In Australia, green tongue flooring is a particleboard made to protect against damp and humid conditions. and the flooring is normally 800mm as opposed to 900mm thick.
In the US, some manufactures call termite treated particleboard green tongue flooring, while like Australia, others add degrees of water-resistant treatments to it. In this case, you will hear Green Tongue Flooring it called “aquatech” or “aquatight”. It uses water-resistant glues and is mostly used for wet areas. The pricing of green tongue flooring is more than the yellow, but it’s also used for areas that need to be waterproof.
Differences Between Yellow Tongue And Green Tongue Flooring
So the main difference between green and yellow tongued is how each type of flooring reacts in wet situations. While they both have tongues that help keep boards together tightly when installed, green tongue uses water-resistant glue while yellow does not. This allows them to install as an option on surfaces where water might come into contact with the surface such as pool decks or kitchens with leaking pipes above countertops. The pricing can vary depending on the amount you are installing (more if just doing one area) and what your needs are (green is better at resisting moisture).
Yellow tongue have a lower price point than their green counterparts which makes them excellent for first-time installers who may need to replace some boards if something comes up during installation; however, this means that water damage is a risk.
Frequently Asked Questions For Coloured Tongue Structural Flooring
What is an alternative to yellow tongue flooring?
Any 19mm tongue and groove structural particleboard that meets Australian and New Zealand standards AS/NZS 1860.1 can be substituted. This includes orange tongue manufactured by D&R Henderson, or green tongue manufactured by Laminex. If a thicker board can be accommodated, then a 22mm thickness red (STRUCTAFlor), burgundy (D&R Henderson) or beige (Laminex) could be used instead.
Is yellow tongue flooring waterproof?
Yellow tongue flooring is not waterproof. It is designed to withstand moisture for a few months during the building process but then requires a dry environment once in place for the long term.
Red tongue flooring vs yellow tongue flooring – which is best?
Yellow tongue flooring is 19mm thick and requires a maximum joist spacing width of 450mm. Red tongue flooring is 22mm thick and can be used at joist spacing widths of 600mm. Both are manufactured under the brand of STRUCTAFlor and comply with Australian and New Zealand standards AS/NZS 1860.1.
What are the yellow tongue flooring sizes?
Yellow tongue flooring is available as 3600 x 800mm and 3600 x 600mm. It was previously available in 3600 x 900mm but is no longer made in that size. If 3600 x 900mm is required for 19mm structural tongue and groove particleboard flooring, orange tongue (D&R Henderson) or green tongue (Laminex) should be substituted.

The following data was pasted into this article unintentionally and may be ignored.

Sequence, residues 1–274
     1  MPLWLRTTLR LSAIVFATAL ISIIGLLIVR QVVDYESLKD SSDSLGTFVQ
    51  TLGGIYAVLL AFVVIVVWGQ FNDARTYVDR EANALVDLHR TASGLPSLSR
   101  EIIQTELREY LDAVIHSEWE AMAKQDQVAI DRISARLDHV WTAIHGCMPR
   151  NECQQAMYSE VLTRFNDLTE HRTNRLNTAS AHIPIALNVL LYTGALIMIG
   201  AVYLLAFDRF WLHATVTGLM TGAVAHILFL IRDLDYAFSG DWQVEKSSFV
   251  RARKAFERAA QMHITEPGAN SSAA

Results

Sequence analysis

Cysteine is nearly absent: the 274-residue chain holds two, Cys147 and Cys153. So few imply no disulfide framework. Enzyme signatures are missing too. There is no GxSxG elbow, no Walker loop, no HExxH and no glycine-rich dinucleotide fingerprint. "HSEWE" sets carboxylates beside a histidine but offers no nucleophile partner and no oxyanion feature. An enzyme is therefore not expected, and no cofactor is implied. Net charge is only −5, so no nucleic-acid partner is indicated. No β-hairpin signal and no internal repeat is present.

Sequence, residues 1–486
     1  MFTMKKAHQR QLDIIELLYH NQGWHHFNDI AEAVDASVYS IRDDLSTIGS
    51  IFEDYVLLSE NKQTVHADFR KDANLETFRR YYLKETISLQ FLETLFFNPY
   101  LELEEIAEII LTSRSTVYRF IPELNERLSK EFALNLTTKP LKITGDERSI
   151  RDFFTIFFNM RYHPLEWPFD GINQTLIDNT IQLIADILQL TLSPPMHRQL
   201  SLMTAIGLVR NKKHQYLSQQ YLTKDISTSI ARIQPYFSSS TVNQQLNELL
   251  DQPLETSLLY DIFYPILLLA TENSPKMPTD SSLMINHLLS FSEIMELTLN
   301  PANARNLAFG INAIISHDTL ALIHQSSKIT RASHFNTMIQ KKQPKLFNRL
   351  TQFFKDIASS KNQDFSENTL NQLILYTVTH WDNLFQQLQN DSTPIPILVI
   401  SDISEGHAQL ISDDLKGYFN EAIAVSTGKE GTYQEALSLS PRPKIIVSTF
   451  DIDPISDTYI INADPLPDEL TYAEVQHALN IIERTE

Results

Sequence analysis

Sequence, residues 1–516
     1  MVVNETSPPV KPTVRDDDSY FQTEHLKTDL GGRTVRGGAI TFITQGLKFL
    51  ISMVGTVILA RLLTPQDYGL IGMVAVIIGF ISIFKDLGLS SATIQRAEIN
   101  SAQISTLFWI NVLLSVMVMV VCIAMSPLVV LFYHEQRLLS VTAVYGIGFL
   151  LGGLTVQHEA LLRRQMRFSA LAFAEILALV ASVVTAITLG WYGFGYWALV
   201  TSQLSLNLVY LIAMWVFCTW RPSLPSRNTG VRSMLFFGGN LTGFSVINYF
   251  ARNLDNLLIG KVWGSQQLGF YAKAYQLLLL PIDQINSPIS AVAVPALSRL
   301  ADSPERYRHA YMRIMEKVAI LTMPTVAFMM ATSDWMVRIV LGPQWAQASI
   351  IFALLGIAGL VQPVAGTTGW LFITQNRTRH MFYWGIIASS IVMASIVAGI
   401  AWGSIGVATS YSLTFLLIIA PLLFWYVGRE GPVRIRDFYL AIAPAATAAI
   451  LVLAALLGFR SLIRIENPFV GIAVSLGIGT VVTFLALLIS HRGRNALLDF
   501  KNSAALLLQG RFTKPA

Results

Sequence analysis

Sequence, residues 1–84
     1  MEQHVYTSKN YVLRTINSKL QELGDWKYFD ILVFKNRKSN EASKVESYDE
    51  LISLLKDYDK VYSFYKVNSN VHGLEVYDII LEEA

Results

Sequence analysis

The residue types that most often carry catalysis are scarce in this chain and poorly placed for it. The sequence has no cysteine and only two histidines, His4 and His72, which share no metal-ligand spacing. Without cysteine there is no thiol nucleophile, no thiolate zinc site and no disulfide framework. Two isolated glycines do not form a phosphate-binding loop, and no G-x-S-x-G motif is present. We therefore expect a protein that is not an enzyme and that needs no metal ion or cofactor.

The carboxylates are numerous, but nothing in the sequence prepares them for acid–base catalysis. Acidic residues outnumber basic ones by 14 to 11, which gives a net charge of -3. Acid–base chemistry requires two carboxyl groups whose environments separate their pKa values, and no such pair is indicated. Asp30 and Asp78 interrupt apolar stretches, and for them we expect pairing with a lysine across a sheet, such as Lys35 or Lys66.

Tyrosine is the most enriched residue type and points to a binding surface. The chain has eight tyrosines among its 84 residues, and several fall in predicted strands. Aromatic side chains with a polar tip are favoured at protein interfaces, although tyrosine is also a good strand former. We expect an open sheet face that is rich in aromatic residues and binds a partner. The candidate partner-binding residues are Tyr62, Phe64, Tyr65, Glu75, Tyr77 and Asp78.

Yellow tongue flooring: which side up?
Yellow tongue is raw on one side and greasy on the other. Glue is used to attach the raw surface to the floor. The greasy wax side faces upward to protect the surface from moisture.
Can yellow tongue floors get wet?
Although yellow tongue has a waxy surface on one side to help protect it from moisture, it is made from particleboard. In wet areas, particleboard should not be used for a subfloor. Instead, use FC sheeting. Yellow tongue can withstand moisture for a short period of time during the initial building process, but it isn’t designed to withstand moisture over the long term.
What is the difference between yellow tongue and orange tongue flooring?
Yellow tongue flooring is a 19mm thick structural particleboard flooring made by STRUCTAFlor in Australia. It is specified for a maximum joist spacing of 450mm. It is available in 3600mm x 800mm and 3600mm x 600mm. Orange tongue flooring has the exact same specifications other than it is manufactured in Australia by D&R Henderson and is also available in 3600m x 900mm.
So which one should you go for? Ultimately, depending on your needs, you can decide which option will work best for you. Yellow has a lower cost point but does not offer as much protection from water damage while green costs more initially but offers excellent resistance to moisture.
If you are considering a costly roof replacement, find out whether painting your roof tiles is the better alternative and, if so, what durability you can expect. Roof paint or roof...
Epoxy flooring is a popular choice for many homeowners. It's durable, easy to clean, and affordable. But that doesn't mean it's perfect for every situation. In this article, we'll explore the pros...